2011’s surprisingly successful The King is Dead seemed to mark a progression for The Decemberists, marching down a path of front porch Americana and a folk tradition of roots storytelling. However, on their follow-up, What a Terrible World, What a Beautiful World, the band reminded audiences just how difficult their interests are to tack down, boasting infectious pop tunes with brassy horn arrangements. Now, the Oregon indie darlings are trying something new altogether. As they warned us on “The Singer Addresses His Audience” a few years ago, “We had to change.” Showcasing their adoration for acts like R.E.M. and New Order, the band’s eighth and latest full-length album, I’ll Be Your Girl, is at once a photo album pastiche of their previous aesthetic ventures and a fearless journey into new sonic territory.
The album was produced by noted indie rock producer John Congleton (St. Vincent, Future Islands, Lana del Rey), and what a difference his presence has made. Fuzzy guitars and searing synthesizers on tracks like “Once in My Life” and “Severed” make frontman Colin Meloy’s world-wearied, rustic fables sound like they belong on a Killers record. But don’t be fooled; there’s still a folk band hidden beneath the glossy sheen. “Cutting Stone” and “Starwatcher” feel like leftovers from the Crane Wife sessions given a sizzling update for the electropop era. Between the two halves of the band’s mind stands the transcendent “Tripping Along,” a celestial bridge between worlds.
Whether he is displaying his flair for theatricality (“Your Ghost”) or simply trying to amuse himself (“Everything Is Awful”), it is clear that Meloy had a blast making this album. The listener can feel the anxious youngster within him, digging through record crates and wearing his idols on his sleeve. His tastes are varied — it’s as if he loves The Cure as much as he does Spaghetti Westerns and Sgt. Pepper’s Lonely Hearts Club Band — but, fortunately for his audience, they bleed together in a loving collage that feels like posters plastering the wall of a dorm room. Furthermore, the expedition deeper in the world of pop music brings welcome autonomy to the talents of Jenny Conlee and Chris Funk, which have been sorely neglected on earlier Decemberists outings.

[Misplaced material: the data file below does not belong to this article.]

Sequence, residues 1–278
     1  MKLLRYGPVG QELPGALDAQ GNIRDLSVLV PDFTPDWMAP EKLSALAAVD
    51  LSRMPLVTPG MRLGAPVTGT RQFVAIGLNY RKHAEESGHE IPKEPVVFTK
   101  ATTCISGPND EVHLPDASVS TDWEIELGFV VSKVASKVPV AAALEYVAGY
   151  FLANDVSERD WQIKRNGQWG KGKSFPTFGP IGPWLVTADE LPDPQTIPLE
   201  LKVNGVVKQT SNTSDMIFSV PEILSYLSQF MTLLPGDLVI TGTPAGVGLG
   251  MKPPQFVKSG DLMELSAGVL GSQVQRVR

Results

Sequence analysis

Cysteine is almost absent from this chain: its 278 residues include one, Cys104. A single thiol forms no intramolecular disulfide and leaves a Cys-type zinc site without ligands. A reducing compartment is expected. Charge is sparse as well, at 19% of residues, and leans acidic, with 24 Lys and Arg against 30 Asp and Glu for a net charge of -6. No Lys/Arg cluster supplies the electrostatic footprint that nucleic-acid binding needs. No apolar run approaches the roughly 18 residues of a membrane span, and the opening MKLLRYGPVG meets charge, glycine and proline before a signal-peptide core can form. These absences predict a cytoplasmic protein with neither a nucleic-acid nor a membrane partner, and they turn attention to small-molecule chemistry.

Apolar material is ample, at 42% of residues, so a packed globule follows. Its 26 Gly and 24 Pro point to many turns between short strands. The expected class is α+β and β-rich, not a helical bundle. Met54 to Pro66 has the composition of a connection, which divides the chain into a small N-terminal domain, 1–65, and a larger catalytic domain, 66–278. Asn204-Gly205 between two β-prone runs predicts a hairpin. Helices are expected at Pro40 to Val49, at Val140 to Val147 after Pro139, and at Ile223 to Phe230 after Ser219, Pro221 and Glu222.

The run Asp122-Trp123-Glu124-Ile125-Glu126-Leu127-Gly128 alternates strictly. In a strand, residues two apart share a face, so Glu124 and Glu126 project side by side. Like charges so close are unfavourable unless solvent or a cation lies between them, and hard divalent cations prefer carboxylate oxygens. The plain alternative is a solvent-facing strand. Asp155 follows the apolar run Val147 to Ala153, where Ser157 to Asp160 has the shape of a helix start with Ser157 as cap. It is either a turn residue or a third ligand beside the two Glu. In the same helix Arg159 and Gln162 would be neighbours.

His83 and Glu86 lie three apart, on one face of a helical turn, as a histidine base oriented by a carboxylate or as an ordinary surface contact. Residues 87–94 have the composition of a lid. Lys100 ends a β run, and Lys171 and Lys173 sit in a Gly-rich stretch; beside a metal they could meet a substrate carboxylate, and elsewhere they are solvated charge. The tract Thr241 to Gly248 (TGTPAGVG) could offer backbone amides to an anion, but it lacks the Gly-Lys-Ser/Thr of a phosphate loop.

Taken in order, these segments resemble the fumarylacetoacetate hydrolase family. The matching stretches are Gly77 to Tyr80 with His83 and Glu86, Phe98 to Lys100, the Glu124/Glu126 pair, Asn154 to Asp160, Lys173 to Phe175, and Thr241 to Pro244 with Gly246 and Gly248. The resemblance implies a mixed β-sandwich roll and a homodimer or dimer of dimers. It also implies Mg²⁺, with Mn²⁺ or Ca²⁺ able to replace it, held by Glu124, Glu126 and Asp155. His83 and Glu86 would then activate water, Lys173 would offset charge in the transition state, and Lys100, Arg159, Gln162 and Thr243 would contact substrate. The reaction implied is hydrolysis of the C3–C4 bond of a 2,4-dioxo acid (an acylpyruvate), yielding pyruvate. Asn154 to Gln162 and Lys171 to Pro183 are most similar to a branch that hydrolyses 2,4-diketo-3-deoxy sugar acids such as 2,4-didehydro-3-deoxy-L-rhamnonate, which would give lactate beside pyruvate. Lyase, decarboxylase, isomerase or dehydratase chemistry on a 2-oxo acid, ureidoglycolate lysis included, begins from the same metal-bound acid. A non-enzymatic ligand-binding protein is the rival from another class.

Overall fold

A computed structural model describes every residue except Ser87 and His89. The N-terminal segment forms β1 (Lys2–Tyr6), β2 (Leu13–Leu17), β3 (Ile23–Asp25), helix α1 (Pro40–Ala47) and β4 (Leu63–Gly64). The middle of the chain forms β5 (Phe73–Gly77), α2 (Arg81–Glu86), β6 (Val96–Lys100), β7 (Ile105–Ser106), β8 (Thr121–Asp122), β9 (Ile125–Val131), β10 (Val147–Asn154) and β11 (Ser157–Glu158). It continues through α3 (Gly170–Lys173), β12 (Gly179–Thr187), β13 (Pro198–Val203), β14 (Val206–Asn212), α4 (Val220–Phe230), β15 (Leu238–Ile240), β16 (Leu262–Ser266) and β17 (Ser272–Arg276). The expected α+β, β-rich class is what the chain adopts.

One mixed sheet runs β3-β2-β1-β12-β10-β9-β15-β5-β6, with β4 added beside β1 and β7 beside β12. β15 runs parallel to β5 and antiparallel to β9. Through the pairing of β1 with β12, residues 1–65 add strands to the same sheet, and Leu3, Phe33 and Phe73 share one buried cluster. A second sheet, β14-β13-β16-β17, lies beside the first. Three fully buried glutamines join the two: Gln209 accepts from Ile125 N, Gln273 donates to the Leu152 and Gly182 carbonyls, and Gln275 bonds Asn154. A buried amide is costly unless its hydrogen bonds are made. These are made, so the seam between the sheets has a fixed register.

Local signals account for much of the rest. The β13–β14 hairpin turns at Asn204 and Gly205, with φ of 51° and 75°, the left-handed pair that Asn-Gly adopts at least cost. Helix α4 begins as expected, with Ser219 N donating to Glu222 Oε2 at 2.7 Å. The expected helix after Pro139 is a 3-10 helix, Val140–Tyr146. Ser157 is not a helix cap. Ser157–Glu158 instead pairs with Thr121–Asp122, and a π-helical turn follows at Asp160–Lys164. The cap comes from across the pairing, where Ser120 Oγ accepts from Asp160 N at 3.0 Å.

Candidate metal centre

The experiments don’t always achieve the desired results, and some of the swift transitions can be jarring. When “Sucker’s Prayer,” a gospel blues number à la The Band, leads into “We All Die Young,” a chant-along, Gary Glitter-esque arena rocker, it’s enough to give the listener whiplash. Individually, the songs have their merits (particularly the former), but they feel like points from radically different periods in a storied career, rather than two deliberately simultaneous tracks. The band’s unwavering excitement adds wonders to I’ll Be Your Girl, but it may have done a disservice to the creative harmony of the final product.
As the record draws to a close, we see a bit of a return to form for the band, with folksy tales from days of yore. Notably, the eight-minute “Rusalka, Rusalka / The Wild Rushes” is a callback to the many lengthy, multifaceted sagas strewn throughout the group’s catalog, echoing “The Mariner’s Revenge Song” or “The Island.” The final track, the sweet campfire duet “I’ll Be Your Girl,” is both the culmination of and an aside from all that has come before it. Meloy remains a skilled lyricist, boiling down his SAT lexicon and macabre imagery into connective, melodic pop verses, but the album’s title track reminds us that he can find beauty in sheer simplicity.
The Decemberists continue to adapt to their surroundings, without losing the mystic charm that initially distinguished them from the wave of other indie folksters. I’ll Be Your Girl isn’t without its missteps, but they mostly work to the benefit of its endearing allure, much like a birthmark. The Decemberists have taken an undeniably ambitious step out of their comfort zone and hopefully it is the sign of a band who will go on to fully embrace the potential of their musical palate. Joyous, daring exploration is a good look on these raconteurs of misfortune.